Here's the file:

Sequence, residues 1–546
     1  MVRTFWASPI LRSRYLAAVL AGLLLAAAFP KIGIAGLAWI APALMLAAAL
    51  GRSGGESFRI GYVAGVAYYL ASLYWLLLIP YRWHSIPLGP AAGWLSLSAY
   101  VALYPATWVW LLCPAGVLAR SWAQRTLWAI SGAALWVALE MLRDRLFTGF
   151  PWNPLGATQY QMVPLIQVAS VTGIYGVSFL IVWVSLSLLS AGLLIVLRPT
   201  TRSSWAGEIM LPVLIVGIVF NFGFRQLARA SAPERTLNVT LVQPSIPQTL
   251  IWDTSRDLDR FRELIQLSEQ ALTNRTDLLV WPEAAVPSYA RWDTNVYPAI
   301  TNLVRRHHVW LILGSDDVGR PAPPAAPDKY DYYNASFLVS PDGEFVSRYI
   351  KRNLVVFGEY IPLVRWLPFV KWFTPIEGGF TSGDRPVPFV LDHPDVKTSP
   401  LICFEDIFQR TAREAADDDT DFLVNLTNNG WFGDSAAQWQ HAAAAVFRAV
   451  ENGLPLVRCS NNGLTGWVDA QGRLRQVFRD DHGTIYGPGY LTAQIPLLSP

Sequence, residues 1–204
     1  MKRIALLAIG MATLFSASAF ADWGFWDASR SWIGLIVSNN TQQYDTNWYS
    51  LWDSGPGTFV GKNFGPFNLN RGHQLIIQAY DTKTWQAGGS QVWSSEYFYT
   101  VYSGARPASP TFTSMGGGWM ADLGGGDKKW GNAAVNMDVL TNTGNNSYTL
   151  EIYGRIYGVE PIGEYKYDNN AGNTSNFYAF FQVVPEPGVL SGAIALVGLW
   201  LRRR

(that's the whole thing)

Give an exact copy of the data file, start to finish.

Sequence, residues 1–546
     1  MVRTFWASPI LRSRYLAAVL AGLLLAAAFP KIGIAGLAWI APALMLAAAL
    51  GRSGGESFRI GYVAGVAYYL ASLYWLLLIP YRWHSIPLGP AAGWLSLSAY
   101  VALYPATWVW LLCPAGVLAR SWAQRTLWAI SGAALWVALE MLRDRLFTGF
   151  PWNPLGATQY QMVPLIQVAS VTGIYGVSFL IVWVSLSLLS AGLLIVLRPT
   201  TRSSWAGEIM LPVLIVGIVF NFGFRQLARA SAPERTLNVT LVQPSIPQTL
   251  IWDTSRDLDR FRELIQLSEQ ALTNRTDLLV WPEAAVPSYA RWDTNVYPAI
   301  TNLVRRHHVW LILGSDDVGR PAPPAAPDKY DYYNASFLVS PDGEFVSRYI
   351  KRNLVVFGEY IPLVRWLPFV KWFTPIEGGF TSGDRPVPFV LDHPDVKTSP
   401  LICFEDIFQR TAREAADDDT DFLVNLTNNG WFGDSAAQWQ HAAAAVFRAV
   451  ENGLPLVRCS NNGLTGWVDA QGRLRQVFRD DHGTIYGPGY LTAQIPLLSP

Sequence, residues 1–204
     1  MKRIALLAIG MATLFSASAF ADWGFWDASR SWIGLIVSNN TQQYDTNWYS
    51  LWDSGPGTFV GKNFGPFNLN RGHQLIIQAY DTKTWQAGGS QVWSSEYFYT
   101  VYSGARPASP TFTSMGGGWM ADLGGGDKKW GNAAVNMDVL TNTGNNSYTL
   151  EIYGRIYGVE PIGEYKYDNN AGNTSNFYAF FQVVPEPGVL SGAIALVGLW
   201  LRRR